FIG. 9 illustrates an exemplary pattern of a practically obtained optical slit. As shown, the second layer 33 made of aluminum and located below the PET film absorbs energy and separates binding when a nanosecond laser is emitted thereto while intensity is adjusted. Since the energy creates optically undetectable fine particles of less than few hundred manometers or defuses the aluminum, the second layer 33 loses a reflection performance at the laser emission section, thereby an optical slit pattern is formed thereon.

FIG. 10 illustrates an exemplary light reflectivity of the slit. As understood therefrom, a change in reflectivity can be measured even in an optical slit 35 a shown in FIG. 9, which is formed inside the third layer 34. Thus, a position of a rotation member can be detected by detecting the optical slit 35 using an optical detecting device. A pitch between optical slits can be adjusted by continuously changing a position of laser emission. Further, since a laser lighting process does not require a heating process, material weak to heat, such as a belt, etc., and that difficult to execute a solvent processing such as a photo-conductive member can be processed. Further, since the laser process is a non-contact type, deformation and deterioration of a function of the material caused by laser light emission can be suppressed.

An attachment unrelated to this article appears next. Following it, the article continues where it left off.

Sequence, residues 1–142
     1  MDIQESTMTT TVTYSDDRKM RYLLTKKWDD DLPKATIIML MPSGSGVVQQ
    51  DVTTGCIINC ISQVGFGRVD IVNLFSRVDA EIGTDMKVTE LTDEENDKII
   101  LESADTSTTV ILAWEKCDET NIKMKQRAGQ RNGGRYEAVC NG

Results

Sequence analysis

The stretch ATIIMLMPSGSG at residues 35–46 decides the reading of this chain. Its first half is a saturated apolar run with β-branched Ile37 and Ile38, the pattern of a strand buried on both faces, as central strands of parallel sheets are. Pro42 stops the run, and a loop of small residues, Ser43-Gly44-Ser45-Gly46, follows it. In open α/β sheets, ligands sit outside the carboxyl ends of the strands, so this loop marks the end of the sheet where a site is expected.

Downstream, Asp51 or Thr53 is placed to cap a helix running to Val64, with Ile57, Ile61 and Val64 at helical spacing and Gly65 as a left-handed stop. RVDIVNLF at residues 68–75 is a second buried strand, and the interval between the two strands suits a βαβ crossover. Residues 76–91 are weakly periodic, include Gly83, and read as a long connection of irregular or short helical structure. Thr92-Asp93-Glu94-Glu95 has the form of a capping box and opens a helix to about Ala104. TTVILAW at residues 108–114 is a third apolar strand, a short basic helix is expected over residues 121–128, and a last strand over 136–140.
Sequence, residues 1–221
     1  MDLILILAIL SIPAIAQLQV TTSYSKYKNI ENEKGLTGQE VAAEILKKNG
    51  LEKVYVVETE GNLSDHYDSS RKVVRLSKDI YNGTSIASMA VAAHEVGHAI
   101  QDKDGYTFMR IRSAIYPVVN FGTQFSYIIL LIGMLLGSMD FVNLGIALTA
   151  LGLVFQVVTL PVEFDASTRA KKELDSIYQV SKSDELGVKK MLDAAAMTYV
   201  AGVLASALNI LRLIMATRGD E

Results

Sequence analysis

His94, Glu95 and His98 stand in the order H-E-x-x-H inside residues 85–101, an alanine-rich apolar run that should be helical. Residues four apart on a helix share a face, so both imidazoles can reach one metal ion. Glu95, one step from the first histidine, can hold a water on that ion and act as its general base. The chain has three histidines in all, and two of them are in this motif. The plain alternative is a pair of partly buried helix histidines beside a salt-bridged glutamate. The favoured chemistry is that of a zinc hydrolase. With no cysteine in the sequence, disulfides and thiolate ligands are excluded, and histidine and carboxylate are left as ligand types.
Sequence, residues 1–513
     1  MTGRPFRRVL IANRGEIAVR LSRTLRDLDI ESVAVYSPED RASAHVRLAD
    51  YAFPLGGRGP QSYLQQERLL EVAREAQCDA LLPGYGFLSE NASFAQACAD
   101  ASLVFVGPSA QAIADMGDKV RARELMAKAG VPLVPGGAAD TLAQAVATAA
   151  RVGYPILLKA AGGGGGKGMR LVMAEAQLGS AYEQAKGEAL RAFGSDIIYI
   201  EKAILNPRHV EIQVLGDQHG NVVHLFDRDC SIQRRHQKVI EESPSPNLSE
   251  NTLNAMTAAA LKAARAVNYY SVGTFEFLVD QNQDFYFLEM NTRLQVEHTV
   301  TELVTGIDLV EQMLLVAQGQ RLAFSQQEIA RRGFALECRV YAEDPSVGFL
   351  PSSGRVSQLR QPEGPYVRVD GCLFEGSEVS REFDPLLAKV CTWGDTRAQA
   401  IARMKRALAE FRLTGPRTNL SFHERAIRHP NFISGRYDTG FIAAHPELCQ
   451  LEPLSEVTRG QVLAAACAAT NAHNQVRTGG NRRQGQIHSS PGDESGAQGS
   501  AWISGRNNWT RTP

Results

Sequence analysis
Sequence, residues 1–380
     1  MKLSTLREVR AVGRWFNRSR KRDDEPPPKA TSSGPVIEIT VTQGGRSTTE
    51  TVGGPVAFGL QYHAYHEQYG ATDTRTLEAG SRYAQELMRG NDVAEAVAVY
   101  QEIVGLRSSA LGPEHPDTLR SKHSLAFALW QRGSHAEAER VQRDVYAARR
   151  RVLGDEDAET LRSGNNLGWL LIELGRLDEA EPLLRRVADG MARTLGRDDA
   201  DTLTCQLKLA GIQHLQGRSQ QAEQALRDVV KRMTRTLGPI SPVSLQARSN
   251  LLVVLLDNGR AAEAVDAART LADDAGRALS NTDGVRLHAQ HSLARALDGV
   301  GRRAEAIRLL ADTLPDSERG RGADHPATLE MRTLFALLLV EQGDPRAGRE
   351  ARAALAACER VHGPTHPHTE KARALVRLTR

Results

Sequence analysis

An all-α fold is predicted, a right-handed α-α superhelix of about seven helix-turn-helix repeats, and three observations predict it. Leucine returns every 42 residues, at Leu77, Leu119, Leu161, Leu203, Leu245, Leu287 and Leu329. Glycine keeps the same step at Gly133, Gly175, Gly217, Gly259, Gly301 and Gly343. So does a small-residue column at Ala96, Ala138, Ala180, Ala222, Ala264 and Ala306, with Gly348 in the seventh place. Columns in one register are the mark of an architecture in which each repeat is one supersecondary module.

FIG. 11 illustrates an exemplary digital copier of an image forming apparatus according to one embodiment of the present invention. As shown, a digital copier 200 as an image forming apparatus includes a copier body 201, an auto document feeder (ADF) 202, and automatic sorting apparatus 203. The copier body 201 includes an original document reading unit 204, a writing unit 205, an engine section 206, and a sheet feeding unit 207. The original document reading unit 204 includes a carriage 208 having a mirror, a lens 209, a CCD 210, and a buffer 211 to scan and read an original document fed by the ADF 202. The writing unit 205 includes a laser light source and a polygonal mirror to emit a laser beam 212 including image information to the engine section 206. The engine section 206 includes an image formation unit 213, a first unit 214, a second unit 215, and a fixing unit 216.